The setlist in Turin was interesting in that two of the new songs you played, “Return of the Sting Ray Guitar” and “Glastonbury,” were total blinders: profane rock & roll kicks inbetween the spiritual-ambition parts of the show. Then there was “North Star,” an unfinished acoustic ballad.

Music is a sacrament for us. In that song [“North Star”], I thought, “It’s okay to write a love song for the universe.” “Glastonbury” was very funny that night– we did a version of that we knew we nailed, and then something happened at the end, I got lost a little bit [grins]. Edge had been hanging out with Jimmy Page [the two guitarists co-starred in the documentary “It Might Get Loud”], and you can’t help but have that rub off. So now it’s Willie Dixon, all those blues guys. Edge had this big riff. But I hear “Glastonbury” like the Chemincal Brothers, the Prodigy.

The song is about going to this music festival. [U2 were scheduled to headline at the British festival – Bono’s surgery forced them to cancel.] It’s a pilgrimage. It also turns out there’s a white flower that twice yearly blooms at Glastonbury. And the mythology of Glastonbury goes back to Joseph of Arimathea – he’s the guy who helped take the body of Jesus down from the cross. He is also said to have gone to Britain, to Glastonbury, where he put his staff in the ground. This big tree at Glastonbury, with this white flower, is supposed to come from that. [Bono recites part of the lyrics to U2’s song: “Came to find a flowering rose/The flowering rose of Glastonbury”.] And he’s supposed to have brought the cup from the Last Supper, the Holy Grail.

This stuff is so Seventies to me [laughs]. I can’t believe I’m in it. I’m going to Glastonbury for that. Everyone else is going for the music, being with your friends, hanging out. So we’re in this hospital room, I’m on morphine and it’s dawning on [manager] Paul McGuiness that we’re going to have to cancel all of those [North American] shows. But I went, “Can we do Glastonbury?” Dr. Müller-Whlfahrt goes, “These drugs are stronger than you think.” [Laughs]

The Next Album – or Albums
The tour is now less about the last album and more about your continuing history – the songs you played in Turin from deep in your catalog; the new material. That in-the-round spectacle has become more fluid, allowing you to do something more than amaze.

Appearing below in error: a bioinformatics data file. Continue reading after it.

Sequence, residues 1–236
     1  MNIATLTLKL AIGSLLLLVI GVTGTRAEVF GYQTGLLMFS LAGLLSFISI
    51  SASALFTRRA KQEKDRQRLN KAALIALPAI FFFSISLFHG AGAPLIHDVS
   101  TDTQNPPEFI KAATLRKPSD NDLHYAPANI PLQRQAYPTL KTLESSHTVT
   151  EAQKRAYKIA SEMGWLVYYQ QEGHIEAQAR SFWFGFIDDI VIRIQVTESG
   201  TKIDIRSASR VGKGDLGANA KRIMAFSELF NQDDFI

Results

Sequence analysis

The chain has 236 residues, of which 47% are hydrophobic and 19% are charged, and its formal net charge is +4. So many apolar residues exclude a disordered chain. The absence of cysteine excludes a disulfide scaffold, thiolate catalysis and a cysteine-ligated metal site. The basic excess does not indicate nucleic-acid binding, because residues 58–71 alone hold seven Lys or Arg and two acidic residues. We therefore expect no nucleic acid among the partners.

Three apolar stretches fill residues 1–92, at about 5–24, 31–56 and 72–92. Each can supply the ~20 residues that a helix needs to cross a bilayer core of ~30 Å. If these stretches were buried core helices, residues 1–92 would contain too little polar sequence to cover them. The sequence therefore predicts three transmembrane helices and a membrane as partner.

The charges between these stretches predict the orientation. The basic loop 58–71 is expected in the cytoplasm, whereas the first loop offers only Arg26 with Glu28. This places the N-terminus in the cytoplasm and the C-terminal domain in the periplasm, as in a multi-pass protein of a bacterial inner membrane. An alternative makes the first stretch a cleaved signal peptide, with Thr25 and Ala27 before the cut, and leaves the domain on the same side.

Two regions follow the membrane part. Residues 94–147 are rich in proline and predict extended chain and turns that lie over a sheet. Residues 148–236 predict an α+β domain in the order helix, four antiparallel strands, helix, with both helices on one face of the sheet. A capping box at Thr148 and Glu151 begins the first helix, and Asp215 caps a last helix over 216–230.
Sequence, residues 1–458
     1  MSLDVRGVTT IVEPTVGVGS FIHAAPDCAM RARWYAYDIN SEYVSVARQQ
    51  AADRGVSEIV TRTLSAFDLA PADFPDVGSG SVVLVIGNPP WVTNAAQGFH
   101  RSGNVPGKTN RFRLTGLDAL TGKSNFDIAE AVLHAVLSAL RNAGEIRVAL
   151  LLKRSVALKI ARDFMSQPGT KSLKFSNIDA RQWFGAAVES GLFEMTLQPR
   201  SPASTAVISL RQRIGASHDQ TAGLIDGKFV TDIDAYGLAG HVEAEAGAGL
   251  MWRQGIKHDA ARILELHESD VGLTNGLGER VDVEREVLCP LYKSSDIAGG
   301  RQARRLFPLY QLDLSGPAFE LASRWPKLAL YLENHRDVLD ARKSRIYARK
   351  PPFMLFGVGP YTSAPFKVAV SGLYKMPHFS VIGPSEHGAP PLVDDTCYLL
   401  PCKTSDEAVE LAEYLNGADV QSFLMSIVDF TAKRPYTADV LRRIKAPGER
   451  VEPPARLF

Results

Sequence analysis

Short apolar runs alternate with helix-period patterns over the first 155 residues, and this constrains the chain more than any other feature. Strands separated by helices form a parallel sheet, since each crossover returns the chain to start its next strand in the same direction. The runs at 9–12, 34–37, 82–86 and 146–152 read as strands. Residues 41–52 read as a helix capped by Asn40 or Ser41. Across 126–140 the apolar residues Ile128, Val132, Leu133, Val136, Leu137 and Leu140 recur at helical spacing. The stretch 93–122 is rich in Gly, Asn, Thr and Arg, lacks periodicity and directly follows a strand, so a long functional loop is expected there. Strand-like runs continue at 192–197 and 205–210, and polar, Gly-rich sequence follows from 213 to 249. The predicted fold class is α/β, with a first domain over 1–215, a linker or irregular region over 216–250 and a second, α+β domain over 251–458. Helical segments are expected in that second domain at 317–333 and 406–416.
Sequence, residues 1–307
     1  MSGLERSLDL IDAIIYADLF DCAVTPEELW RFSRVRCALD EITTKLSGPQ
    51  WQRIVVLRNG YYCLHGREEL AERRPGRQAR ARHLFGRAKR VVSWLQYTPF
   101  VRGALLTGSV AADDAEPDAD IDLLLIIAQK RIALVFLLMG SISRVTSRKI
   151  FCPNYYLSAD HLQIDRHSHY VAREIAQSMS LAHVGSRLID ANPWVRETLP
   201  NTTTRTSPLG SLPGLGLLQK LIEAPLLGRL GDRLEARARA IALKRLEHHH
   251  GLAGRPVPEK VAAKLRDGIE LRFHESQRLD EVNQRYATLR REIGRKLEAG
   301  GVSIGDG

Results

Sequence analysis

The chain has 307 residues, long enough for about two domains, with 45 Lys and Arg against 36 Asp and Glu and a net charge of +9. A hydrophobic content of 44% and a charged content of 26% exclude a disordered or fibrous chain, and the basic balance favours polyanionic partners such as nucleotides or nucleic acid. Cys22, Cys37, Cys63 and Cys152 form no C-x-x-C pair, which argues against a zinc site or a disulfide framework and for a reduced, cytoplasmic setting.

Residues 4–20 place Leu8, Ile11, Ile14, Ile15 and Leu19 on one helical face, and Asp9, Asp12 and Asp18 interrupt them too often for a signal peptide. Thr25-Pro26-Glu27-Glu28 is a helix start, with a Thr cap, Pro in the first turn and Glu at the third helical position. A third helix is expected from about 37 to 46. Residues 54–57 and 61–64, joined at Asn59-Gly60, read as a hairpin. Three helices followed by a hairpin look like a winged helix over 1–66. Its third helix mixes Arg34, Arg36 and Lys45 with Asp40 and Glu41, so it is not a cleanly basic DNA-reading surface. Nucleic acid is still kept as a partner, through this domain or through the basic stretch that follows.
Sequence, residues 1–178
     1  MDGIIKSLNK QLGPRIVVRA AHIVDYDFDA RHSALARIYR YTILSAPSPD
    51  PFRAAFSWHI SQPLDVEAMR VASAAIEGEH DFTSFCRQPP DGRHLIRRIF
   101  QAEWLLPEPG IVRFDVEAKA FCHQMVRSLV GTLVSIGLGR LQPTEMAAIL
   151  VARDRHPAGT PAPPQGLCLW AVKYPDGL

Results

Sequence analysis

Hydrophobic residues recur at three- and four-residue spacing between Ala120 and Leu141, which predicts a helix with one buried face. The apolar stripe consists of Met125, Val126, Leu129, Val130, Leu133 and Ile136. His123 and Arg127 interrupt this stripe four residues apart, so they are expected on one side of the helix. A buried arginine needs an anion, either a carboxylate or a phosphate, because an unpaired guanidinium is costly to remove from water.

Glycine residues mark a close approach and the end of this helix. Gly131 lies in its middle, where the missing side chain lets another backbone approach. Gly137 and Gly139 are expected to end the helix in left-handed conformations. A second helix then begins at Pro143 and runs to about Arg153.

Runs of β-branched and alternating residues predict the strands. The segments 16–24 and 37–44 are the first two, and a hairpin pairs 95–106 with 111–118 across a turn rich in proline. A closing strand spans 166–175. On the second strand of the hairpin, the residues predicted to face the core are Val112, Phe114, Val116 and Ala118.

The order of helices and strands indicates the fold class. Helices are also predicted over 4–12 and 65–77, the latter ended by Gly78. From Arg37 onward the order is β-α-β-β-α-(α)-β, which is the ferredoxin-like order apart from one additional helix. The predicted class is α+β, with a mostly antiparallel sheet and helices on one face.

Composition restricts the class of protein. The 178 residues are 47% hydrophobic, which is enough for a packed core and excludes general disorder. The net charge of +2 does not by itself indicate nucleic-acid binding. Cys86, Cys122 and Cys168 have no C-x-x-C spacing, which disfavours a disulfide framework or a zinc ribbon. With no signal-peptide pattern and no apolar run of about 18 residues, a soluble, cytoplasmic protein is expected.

The idea was to make the crowd the spectacle – for us to be in the middle of this community and be able to play a new song if we want. People actually see it happening, because there is nothing else on stage. You can’t hide.

So now is the throwdown: “Oh, really? Let’s see you play some new songs. How about three?” Sure, people can say, “”Oh, I didn’t think that was any good.” But if I was a U2 fan, that’s what I would want. I would want to watch a new song develop. We may discover it’s not what we thought it was, and it may never see the light of day. But we’ve got a lot more songs to play.

How many?
We have Songs of Ascent, which is the meditative work that was meant to complement No Line on the Horizon. We’ve got a rock album. We also have a club-sounding album. And then we have the Spider-Man [musical] stuff.

Across those four, there are 25-30 songs. Now we have to decide how we go about releasing them? Do we release them in their groups? Chris Martin [of Coldplay] called me and said, “I hear you’ve got all these albums going. I have a great idea. Why not just pick the best songs from all of them and put them out now?” And I’m like, “Hmm . . . ” [Strokes his chin].

Because we don’t think like that. It’s a bit mad. In that sense, we’re not as 21st Century as we think we are, because we’d be putting out more new songs online, involving our audience in the choice – if we were really modern. We’re just sitting here arguing about them, except no one else knows about them. The people on the beach here probably know them, because we keep playing them, like we did last night [smiles].

How much do you see the show changing when you come back to North America next summer, to play the rescheduled shows?

That’s going to be great. We’ll maybe have a new album – I think we probably will. So it’s kind of wonderful. Those people are going to have tickets to a whole new show with new songs. It’s going to be very exciting next year.